Recently, when an American soldier fell in love in Baghdad, his commander ordered him not to marry. What was a heartsick soldier to do? Well, Sgt. Sean Blackwell launched a secret mission to marry the Iraqi woman he loved.
And that's when the Army came down with both boots, and ordered Blackwell home — 7,000 miles from his bride, Ehdaa, apparently never to see her again.
But there was one thing the Army didn't count on. It's something else they say about romance – that love, of course, conquers all. Correspondent Scott Pelley reports.
It's 6 a.m. in Baghdad and Ehdaa Blackwell struggles to get into a bulletproof vest. She's filled with hope for a new future, even as she waves goodbye to everything she has ever known.
Ehdaa is making a run of 300 hundred miles through the dangers of the Sunni Triangle, trying to reach her new American husband, the one that the Army ordered out of her life.
"Sometimes, you just fall in love and you don't know why. I think it's our fate," says Ehdaa. "I think we're meant to be together and, oh, my God, that's the thing I've been waiting for. I just can't wait to see him."
Halfway around the world, in Pensacola, Fla., Sean Blackwell heads for the airport. It's been six months since he slipped a ring on Ehdaa's finger back in the war zone and he hasn't seen her since.
"It's like something I can't even describe. It's like the first time going to Disney World. You know, you get really excited before the actual trip," says Blackwell. "Except I know she's not gonna let me down, like Disney World did once I actually got there."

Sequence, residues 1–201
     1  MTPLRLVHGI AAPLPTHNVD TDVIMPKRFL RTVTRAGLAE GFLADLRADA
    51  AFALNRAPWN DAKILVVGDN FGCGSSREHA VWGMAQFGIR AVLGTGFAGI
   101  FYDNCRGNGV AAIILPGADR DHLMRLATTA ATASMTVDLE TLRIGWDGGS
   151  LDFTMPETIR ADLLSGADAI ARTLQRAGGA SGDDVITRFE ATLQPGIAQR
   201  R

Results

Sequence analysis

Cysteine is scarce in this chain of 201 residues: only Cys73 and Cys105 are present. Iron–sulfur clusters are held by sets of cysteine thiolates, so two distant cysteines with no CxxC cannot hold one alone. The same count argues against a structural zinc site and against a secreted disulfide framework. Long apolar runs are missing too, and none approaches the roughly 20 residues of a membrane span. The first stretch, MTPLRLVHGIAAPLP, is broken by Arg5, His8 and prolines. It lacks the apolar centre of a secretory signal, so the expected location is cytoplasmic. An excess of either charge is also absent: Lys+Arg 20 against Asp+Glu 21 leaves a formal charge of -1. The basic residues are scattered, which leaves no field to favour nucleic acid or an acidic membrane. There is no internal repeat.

"When I realize that this is not a dream, I think I'm going to look in his eyes the same way I looked the first time," says Ehdaa. "The same way I looked when I first fell in love with him."
The dream is to bring together two lives that couldn't be more different. Ehdaa grew up wealthy in a country at war. Sean grew up peacefully, in a working-class area in Florida. He listened to country music; she listened to Saddam. She went to medical school; he held to a family tradition, following his father and six uncles into the military.
Shortly after the fall of Baghdad, it was Sgt. Blackwell's turn at something his family knows all too well.
Blackwell landed in one of those places where the tension was greatest, Baghdad's biggest hospital. One day, amid the chaos, in walked Ehdaa, a young Iraqi doctor.
"To be honest, when I first met her, I was like, you know, she's very, very attractive, but you know, what's the point of trying to start a relationship over here," recalls Blackwell. "And the more we talked, we started learning more about each other, and it didn't take long for, you know, emotional attachment to grow there."
"I saw a tall, shy, handsome. He had the most beautiful eyes I have ever saw," says Ehdaa. "He's so honest, he's so kind, and when he come, my heart start beating as I am a teenager."
Ehdaa had never met an American before in her life. But soon, she was seeing this American every few days. Blackwell had been in Iraq only a few weeks, but between patrols and weapons raids, she'd bring him home-cooked meals and hours of conversation.
"I start thinking, that's really impossible what we are doing. I'm Muslim and he's a Christian. I'm Iraqi and he's American. It just can't happen," says Ehdaa. "It did. Love can make miracles. I do believe this now."
After three months of war-zone dating, Blackwell pulled the trigger -- keeping, of course, with local tradition, where a marriage proposal is a question asked man-to-man.
Blackwell asked Ehdaa's brother, who told him, "I'd be honored for you to marry my sister."
But under local law, a Muslim woman can marry only a Muslim man. So Blackwell stood before an Iraqi judge and said in Arabic: "There's only one God and that's God and Mohamed is the messenger of God."